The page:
Java Modifiers

Java modifiers are some specifc words that we put before : classes, attribute,  methode, or constructor to define a way of use.

There is 2 types of Java modifiers

  • Java Access Modifiers.
  • Java Non-Access Modifiers.

example of using :

public class book {

private int numberOfPages;

public static void main(String arg[]){

System.out.println("hello");

}

}

I) Java Access Modifiers.

There are modifiers used to set access levels for classes, variables, or methods and constructors. The four access levels are −

  • Without modifier (default access level): visibility to the package only.
  • “private” : Visible in the class only.
  • “public” : Visible any where inside a package or outside it.
  • “protected” :Visible in the package and all subclasses.

II)Java Non-Access Modifiers.

There are modifier that specify the way of managing classes object, attributes, or methods.

  • “static” :

-Make attribute myAttribute or method  myMethode() in a class MyClass simply accessible by MyClass.myAttribute and MyClass.myMethode(). without instantiate an object of MyClass to access them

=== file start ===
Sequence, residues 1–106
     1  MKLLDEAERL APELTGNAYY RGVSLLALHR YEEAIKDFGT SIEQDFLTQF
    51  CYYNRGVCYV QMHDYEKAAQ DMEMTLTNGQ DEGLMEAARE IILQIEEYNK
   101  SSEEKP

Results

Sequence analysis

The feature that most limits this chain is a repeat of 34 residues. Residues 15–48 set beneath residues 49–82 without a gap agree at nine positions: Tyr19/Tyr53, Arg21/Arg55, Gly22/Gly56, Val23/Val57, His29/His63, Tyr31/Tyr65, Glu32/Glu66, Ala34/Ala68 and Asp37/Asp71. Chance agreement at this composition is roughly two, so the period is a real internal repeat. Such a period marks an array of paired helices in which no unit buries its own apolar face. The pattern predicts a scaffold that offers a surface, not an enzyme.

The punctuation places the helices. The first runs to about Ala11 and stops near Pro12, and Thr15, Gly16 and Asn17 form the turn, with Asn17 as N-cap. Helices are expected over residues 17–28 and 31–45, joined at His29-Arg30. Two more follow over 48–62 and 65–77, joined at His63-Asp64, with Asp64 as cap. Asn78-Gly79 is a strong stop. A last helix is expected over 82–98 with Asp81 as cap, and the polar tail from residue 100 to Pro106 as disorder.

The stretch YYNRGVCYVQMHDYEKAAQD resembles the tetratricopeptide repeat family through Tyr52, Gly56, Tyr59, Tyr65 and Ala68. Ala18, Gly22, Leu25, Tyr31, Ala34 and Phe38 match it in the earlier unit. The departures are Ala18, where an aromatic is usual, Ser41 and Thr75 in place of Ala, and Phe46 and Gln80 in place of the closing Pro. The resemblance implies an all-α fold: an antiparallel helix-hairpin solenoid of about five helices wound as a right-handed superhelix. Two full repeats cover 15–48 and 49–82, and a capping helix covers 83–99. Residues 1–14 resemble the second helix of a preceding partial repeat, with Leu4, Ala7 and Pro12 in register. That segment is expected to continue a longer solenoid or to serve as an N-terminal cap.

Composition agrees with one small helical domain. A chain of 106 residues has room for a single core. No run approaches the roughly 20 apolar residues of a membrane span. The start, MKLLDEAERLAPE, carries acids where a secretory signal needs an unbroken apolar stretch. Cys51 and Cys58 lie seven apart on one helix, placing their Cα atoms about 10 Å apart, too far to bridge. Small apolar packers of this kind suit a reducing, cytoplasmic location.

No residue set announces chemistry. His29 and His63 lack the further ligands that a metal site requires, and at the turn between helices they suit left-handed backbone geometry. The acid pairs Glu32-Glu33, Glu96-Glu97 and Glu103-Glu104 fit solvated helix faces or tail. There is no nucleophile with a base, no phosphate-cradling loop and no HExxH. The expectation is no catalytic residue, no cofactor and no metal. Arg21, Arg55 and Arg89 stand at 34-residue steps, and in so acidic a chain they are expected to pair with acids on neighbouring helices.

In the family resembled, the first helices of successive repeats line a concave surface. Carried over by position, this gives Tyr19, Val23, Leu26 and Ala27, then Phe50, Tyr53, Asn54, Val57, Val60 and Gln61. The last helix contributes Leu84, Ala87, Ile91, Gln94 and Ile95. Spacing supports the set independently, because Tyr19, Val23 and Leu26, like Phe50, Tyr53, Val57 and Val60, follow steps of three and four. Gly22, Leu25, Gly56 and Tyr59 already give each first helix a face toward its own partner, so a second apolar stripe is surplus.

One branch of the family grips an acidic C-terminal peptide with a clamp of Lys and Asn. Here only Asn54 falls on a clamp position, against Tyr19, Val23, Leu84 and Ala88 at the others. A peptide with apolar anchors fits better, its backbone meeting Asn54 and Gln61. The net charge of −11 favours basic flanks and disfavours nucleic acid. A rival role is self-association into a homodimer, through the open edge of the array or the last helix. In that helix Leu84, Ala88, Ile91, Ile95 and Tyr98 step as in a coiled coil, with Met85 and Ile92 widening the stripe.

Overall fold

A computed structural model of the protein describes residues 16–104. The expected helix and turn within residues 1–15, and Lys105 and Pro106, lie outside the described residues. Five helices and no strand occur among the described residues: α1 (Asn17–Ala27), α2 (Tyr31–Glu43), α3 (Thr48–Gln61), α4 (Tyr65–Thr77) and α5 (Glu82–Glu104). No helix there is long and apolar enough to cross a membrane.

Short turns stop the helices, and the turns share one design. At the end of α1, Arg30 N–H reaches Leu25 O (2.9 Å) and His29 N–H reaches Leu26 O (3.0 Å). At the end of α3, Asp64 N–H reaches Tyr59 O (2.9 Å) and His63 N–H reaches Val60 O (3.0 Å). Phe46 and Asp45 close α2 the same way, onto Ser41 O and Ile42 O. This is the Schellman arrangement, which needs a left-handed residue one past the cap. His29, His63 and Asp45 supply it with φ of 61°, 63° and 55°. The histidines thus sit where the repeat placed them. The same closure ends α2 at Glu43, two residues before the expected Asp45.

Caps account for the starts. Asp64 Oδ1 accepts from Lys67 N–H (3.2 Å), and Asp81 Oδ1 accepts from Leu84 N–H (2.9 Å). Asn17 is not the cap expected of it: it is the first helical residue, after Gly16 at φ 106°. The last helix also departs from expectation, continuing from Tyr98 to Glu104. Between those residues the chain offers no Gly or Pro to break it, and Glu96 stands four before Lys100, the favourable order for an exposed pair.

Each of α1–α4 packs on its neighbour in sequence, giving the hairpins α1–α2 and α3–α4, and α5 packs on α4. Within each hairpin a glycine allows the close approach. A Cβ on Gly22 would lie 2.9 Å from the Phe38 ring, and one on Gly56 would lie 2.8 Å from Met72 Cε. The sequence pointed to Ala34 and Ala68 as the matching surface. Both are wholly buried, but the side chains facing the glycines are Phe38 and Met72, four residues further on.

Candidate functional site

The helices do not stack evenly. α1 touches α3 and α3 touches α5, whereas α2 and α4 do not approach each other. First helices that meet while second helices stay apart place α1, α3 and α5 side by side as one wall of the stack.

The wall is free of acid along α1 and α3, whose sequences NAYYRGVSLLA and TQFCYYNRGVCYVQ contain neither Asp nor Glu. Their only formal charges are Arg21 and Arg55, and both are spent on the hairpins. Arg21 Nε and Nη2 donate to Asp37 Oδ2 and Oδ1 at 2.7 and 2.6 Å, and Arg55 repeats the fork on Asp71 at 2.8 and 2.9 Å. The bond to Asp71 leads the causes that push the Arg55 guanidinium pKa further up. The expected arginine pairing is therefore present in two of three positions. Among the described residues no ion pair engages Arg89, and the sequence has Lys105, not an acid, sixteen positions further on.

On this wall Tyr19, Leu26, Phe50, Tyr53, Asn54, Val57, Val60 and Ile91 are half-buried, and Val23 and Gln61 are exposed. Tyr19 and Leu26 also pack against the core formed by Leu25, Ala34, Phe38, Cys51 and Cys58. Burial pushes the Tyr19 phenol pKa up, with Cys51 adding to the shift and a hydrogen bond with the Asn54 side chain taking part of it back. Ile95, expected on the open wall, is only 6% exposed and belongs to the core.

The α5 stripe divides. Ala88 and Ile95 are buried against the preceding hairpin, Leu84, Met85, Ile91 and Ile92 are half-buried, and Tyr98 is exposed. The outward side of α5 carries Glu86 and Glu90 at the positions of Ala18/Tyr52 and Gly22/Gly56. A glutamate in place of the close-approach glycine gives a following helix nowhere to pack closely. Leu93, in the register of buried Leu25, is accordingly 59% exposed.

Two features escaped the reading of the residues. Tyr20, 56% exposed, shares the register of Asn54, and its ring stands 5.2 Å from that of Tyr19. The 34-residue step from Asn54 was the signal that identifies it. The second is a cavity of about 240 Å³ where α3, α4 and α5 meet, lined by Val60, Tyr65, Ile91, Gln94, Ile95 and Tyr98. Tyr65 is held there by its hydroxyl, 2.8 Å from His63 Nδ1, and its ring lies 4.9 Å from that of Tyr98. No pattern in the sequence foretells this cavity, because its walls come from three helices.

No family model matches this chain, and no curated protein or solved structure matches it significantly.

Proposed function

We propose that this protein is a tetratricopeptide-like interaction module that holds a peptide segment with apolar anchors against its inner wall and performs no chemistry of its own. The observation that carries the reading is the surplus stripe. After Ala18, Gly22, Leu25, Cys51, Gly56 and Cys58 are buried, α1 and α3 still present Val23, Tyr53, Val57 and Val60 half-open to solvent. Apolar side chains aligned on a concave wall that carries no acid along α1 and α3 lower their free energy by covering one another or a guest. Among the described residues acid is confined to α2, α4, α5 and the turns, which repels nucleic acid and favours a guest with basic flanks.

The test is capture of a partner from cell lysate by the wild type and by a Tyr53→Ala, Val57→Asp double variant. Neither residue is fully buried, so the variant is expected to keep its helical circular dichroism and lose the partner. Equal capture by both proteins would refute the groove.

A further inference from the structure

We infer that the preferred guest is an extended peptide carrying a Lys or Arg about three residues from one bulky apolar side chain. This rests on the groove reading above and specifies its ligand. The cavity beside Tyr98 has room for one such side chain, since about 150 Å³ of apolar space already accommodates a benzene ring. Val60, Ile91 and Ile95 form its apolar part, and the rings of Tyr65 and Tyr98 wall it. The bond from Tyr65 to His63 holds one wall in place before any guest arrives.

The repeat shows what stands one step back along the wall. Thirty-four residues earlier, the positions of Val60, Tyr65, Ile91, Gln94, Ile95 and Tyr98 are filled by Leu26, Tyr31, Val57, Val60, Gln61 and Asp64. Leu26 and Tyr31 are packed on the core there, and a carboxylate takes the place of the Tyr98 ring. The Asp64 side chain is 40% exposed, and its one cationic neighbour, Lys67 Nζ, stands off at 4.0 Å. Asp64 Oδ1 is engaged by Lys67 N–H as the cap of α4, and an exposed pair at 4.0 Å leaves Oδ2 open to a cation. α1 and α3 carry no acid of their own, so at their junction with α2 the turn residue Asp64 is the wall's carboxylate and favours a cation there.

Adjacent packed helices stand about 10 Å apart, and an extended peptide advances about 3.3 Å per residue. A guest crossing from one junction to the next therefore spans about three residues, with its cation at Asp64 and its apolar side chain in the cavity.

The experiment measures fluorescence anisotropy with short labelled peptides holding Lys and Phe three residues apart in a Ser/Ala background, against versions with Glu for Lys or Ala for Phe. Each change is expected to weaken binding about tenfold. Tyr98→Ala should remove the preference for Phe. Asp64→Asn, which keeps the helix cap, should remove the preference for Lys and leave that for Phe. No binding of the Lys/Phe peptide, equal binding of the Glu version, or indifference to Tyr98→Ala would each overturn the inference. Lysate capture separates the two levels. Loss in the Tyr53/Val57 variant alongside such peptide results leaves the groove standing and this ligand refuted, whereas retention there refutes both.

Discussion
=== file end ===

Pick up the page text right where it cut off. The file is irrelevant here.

Only in case of nested class (class MyClass inside an other class MyOuterClass) it make MyClass  accessible  simply by  MyOuterClass.MyClass without instantiate an object of MyOuterClass.

  • “final” : Make definition of class, attribute or method final (not changeable).

Final class cannot be derived, final method cannot be overridden, final attribute : basic attribute cannot been changed (like constant in C/C++) , for  attribute type object it’s the reference how will be constant not the value, like array in this  example:

public final int[] myArray={1,5,10};

...

myArray[0]=2 ;// the value of first item  can be changed but not the reference

  • “transient”: Make attribute myAttribute excluded when the object (instance of class having the attribute myAttribute ) is serialized. if the object is deserialized, the attribute will take the default value.
  • “synchronized” : Make method accessed by only one thread at a time.
  • “volatile” : Make attribute value allways read / write directly from / to the main memory , so there is no cach done by thread for the attribute value.
  • “abstract” :

-Make class impossible to instantiate, but still be possible to be drived.

-Make method declared without an implementation, so without braces :

 abstract void myMethod(int a); 

NB: if an abstract method myMethod() is part of a class MyClass,  the MyClass should be abstract

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